The Yurt

Moving from one place to another is inherent in nomadic way of life. Therefore, it is important to have a dwelling that is easy to assemble, disassemble and carry on pack animals. Yurt became such dwelling for Kyrgyz people.

The basis of the wooden frame of a yurt is composed of several elements. The setting of a yurt begins with the doorway “bosogo”, usually facing south or south-east. The walls are a grid of birch poles called “kerege”.  The base of a dome is also assembled of poles called “uuk”, then goes a rim called “tyundyuk”. Tyundyuk is used for entry of sunlight into the yurt as well as for going out of smoke. Tyundyuk is one of the most recognizable symbols of Kyrgyzstan, which is represented on the flag of the country. Outside yurt is covered with woven straw called “chiy” and thick felt “kiyiz”. The doorway is also covered with felt, or there stand double doors instead.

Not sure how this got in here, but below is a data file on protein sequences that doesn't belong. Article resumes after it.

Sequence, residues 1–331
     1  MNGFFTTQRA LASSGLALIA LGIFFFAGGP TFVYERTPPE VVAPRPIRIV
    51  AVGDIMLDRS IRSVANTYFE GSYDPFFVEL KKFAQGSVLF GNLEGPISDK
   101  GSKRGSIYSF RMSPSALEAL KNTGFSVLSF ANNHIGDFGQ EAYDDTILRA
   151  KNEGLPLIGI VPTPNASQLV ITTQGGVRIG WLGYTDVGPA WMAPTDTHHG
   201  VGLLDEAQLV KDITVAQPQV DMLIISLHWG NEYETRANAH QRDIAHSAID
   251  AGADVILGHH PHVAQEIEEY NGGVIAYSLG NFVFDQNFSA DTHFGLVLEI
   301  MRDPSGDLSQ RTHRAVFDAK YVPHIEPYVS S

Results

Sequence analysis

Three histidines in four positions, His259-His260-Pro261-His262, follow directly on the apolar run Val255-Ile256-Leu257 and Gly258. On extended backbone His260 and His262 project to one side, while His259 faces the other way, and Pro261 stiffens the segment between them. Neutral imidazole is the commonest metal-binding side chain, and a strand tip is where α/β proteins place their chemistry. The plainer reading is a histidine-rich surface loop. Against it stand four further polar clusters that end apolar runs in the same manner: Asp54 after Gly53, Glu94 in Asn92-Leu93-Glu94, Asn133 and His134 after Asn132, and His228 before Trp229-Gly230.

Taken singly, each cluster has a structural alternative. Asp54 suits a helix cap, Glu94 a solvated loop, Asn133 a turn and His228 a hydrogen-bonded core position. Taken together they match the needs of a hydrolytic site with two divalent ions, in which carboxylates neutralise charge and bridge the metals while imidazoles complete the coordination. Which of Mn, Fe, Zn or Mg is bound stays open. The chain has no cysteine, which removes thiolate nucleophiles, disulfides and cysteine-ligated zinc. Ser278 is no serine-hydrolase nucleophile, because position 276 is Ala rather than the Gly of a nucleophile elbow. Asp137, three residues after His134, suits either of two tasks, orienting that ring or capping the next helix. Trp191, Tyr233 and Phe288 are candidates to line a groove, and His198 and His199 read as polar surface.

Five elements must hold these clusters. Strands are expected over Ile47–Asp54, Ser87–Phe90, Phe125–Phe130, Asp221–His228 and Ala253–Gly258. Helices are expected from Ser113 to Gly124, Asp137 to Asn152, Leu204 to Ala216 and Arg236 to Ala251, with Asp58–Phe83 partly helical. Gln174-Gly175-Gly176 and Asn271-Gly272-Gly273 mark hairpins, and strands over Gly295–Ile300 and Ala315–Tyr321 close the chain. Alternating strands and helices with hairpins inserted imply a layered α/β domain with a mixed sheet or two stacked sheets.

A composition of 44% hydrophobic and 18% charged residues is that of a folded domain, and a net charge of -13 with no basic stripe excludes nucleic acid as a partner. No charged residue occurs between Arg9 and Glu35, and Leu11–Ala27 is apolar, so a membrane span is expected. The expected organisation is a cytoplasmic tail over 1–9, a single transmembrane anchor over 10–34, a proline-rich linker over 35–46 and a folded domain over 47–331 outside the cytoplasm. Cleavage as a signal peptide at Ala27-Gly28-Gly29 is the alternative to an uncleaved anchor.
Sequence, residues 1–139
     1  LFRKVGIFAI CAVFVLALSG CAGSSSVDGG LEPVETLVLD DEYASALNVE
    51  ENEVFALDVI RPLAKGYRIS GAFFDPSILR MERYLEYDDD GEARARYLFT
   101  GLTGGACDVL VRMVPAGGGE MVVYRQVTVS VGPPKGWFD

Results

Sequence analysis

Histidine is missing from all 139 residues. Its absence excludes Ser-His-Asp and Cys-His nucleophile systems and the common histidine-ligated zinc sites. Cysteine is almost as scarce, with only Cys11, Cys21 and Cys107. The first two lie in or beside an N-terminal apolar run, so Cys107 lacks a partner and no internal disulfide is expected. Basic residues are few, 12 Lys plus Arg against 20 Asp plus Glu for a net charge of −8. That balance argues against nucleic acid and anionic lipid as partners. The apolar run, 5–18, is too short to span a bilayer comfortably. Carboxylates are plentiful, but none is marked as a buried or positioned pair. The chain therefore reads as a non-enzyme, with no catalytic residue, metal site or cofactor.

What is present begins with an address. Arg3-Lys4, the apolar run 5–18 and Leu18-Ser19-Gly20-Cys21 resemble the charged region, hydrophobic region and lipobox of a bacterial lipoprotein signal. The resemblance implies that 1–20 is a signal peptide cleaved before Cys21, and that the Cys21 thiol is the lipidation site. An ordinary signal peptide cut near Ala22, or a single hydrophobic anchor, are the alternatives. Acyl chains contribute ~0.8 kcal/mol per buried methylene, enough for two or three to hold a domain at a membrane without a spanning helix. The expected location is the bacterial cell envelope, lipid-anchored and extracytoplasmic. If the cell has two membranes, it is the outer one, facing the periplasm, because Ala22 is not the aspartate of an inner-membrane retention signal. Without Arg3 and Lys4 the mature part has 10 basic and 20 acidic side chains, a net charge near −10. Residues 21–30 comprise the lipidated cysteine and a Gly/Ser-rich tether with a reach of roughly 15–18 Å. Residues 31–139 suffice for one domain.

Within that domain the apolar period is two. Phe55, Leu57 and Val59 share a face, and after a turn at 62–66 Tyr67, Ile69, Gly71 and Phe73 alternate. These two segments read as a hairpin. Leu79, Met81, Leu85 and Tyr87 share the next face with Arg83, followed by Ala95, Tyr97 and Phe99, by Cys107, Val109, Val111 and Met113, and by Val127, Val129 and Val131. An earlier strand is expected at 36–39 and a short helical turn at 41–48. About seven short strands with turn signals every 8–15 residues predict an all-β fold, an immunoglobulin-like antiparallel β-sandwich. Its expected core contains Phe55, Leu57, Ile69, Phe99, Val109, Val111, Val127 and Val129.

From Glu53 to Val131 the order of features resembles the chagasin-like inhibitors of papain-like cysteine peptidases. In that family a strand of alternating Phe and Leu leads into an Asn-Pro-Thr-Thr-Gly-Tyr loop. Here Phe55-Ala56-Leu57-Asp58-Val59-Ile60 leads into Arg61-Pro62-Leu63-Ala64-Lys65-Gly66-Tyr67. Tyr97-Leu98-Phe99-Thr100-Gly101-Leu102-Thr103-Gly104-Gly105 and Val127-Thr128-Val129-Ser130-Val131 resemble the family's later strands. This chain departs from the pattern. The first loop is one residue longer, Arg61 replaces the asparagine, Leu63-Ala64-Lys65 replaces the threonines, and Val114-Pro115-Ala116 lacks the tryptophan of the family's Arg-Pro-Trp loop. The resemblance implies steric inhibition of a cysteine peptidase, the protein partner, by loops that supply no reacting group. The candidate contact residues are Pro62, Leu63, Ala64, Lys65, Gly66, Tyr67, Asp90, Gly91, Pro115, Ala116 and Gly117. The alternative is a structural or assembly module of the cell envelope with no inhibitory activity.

In the center of the yurt there is a hearth called “kolomto”. The back of the yurt is called “dzhyuk”. There you can usually see chests and folded blankets, pillows and carpets. Between kolomto and dzhyuk there is the place of honor called “ter”, where sits the head of the family or the most distinguished guests.

The right side of the yurt (“epchi jak”) is the female half, which holds stocks of food, dishes, various items needed in the household. The left side of the yurt is called “er jak”, the male half. There are a saddle, harness, weapons, animal skins. The floor and walls of a yurt are decorated with beautiful patterned rugs called “shyrdaks”.